Thomas Jefferson Papers

To Thomas Jefferson from Edward Bancroft, 16 September 1788

From Edward Bancroft

Charlotte Street (London) Septr. 16 1788.

Dear Sir

I feel it incumbent on me first to express my grateful Sense of your Kindness to Mr. Dobbyn, and next to acknowledge your Favour of the 24th. ulto. which Mr. Trumbul obligingly conveyed to me without loss of time.

I have considered the arrangements which you have taken the trouble of stating to me and which Mr. Paradise (by the aid of your Council I presume) has taken for Liquidating his affairs and I think they are the best that could have been devised in the present situation; and that in this respect you have added very Considerably to the many other acts of Friendship and Kindness which he always very gratefully acknowledges to have received from you.

I have not yet received any Letter from Mr. Paradise on the subject to which yours relates; I presume however that it may have been intended that I should make use of it on some future occasion for the tranquility and satisfaction of his Creditors; but I will not venture to act upon this presumption, without further information from either you or him.

I think with you, that it will be best to discharge the small Debts first; and to this, I beleive several at least of the larger Creditors, perhaps all of them will readily Consent, and indeed if they were discharged Mr. Paradise might live here without any trouble from the others, so far as I can judge; but unless his doing so should be highly necessary to his enjoyment of Life which I can not suppose, I think his continuing abroad will be most adviseable, as he may obtain the Conveniences of Life much Cheaper, and will be much less exposed to temptations, incompatible with his plan of Œconomy, abroad, than in England.

I have not seen Mr. Anderson since the receipt of your Letter. Indeed I have both delayed acknowledging it, and calling on him, because I was in dailey expectation of a Letter from Mr. Paradise himself, according to your intimation. I begin now to despair of this, and therefore shall call on Mr. Anderson in a day or two and write to Mr. Paradise by the next Post.

I remember when I had formerly the honor of dining in Company with you and Mr. de Mallesherbes, at the Chevr. de La Luzerne’s Country House at Vincennes, that you mentioned the Case of a Gentleman in Virginia, who had benevolently liberated all his Negroe Slaves and endeavoured to employ them on Wages to Cultivate his Plantation; but after a tryal of some time it was found that Slavery had rendered them incapable of Self Government, or at least that no regard for futurity could operate on their minds with sufficient Force to engage them to any thing like constant industry or even so much of it as would provide them with food and Cloathing and that the most sensible of them desired to return to their former state. As this Experiment seemed to me very important in its application to the Question now agitating here of the Liberation of Negroes in the West indies, or at least of the present Generation, who have been long habituated to Slavery, I mentioned it to some friends of mine, who are warmly and benevolently active in the Society instituted here for abolishing negro Slavery, and as they thought it highly deserving of attention and at the same time were desireous of a more ixact and Circumstantial Statement of all the Facts than I could recollect they requested me to sollicit you, at your leisure, to have the Goodness to furnish such a Statement with such observations as you might think proper to add thereto. I delayed transmitting this request to you, because I fully expected before this time to have had the pleasure of seeing you in Paris, but as Circumstances may perhaps still detain me here a month or six weeks longer, and as the winter approaches, when this Business will be again revived, I have thought it necessary no longer to delay the Communication, and my sollicitation that you will gratify these Gentlemen, if there be no particular objection to, or impropriety in, your doing it, as I have supposed there would not be. At all events no name need be mentioned farther than you think proper.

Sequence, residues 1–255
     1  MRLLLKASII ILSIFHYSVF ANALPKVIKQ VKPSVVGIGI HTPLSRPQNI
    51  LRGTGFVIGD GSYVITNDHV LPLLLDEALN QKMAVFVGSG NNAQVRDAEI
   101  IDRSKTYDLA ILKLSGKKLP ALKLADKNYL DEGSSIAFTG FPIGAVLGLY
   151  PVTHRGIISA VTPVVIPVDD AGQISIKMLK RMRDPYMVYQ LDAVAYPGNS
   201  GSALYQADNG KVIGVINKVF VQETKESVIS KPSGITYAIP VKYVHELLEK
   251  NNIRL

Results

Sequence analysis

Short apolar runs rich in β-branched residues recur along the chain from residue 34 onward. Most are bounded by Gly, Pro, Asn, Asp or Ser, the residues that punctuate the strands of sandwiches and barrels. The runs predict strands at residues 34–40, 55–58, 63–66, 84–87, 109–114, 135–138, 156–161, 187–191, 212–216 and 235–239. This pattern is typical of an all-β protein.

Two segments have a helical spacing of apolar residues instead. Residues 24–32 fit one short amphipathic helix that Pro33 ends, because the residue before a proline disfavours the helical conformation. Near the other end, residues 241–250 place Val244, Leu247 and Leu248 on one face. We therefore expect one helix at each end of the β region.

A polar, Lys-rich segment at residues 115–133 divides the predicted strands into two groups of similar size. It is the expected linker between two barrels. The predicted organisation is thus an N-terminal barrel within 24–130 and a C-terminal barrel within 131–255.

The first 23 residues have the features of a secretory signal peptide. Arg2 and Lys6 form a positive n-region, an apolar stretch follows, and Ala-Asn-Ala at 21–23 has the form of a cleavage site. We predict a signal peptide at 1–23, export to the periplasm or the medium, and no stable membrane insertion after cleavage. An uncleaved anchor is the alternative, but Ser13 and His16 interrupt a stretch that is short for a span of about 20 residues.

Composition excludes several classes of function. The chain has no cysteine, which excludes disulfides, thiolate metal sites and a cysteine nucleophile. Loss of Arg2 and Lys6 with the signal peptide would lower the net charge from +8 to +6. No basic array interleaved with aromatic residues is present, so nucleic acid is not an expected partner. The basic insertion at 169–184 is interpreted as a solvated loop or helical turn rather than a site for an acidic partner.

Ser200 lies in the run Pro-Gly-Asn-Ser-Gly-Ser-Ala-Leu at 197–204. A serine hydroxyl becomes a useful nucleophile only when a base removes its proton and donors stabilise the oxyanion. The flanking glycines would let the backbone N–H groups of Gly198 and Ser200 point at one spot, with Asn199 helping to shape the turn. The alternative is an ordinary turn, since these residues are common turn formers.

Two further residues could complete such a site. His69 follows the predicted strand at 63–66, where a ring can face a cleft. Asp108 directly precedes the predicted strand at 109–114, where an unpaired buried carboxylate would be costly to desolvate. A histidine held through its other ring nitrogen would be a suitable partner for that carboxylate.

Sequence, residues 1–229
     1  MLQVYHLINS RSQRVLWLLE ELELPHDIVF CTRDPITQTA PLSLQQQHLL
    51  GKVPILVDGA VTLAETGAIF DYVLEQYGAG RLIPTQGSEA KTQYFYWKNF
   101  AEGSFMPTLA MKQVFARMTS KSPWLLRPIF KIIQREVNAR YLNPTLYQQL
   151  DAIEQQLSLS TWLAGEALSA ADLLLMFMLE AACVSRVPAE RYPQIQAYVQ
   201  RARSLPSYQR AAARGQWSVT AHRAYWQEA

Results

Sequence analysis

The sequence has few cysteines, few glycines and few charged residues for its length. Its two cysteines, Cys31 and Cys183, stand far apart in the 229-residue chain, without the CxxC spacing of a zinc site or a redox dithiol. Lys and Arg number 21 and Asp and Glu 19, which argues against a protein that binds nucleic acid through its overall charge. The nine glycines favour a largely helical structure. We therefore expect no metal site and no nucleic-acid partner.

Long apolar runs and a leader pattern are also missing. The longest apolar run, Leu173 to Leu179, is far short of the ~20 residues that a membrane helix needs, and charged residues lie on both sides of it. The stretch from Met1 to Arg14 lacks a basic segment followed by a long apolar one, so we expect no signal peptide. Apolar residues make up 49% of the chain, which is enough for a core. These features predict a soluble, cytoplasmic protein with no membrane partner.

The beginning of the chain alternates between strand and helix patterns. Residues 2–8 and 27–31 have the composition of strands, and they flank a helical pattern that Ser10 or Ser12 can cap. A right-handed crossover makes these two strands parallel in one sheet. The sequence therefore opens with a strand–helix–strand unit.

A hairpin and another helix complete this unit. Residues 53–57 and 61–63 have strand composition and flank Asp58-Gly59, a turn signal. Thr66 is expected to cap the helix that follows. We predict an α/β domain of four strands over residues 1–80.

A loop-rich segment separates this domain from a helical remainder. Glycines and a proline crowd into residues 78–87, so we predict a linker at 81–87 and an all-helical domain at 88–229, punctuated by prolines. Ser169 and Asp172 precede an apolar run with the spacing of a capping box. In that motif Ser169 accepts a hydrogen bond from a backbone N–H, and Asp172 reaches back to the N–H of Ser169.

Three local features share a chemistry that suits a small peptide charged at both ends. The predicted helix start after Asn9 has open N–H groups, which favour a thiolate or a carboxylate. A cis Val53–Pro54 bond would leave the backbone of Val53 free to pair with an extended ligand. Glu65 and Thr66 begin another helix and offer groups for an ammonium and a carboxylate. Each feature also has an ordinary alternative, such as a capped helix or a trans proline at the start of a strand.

We have no particular news here that I know of worth your Notice. My best wishes ever attend you, and I shall be always happy in any opportunity of demonstrating the sincere attachment and profound respect with which I have the honor to be Dear Sir Your most faithful & most Devoted Humble servant,

Edwd. Bancroft

RC (DLC); endorsed. Recorded in SJL as written on 21 Sep. 1788, which was probably the date of receipt.

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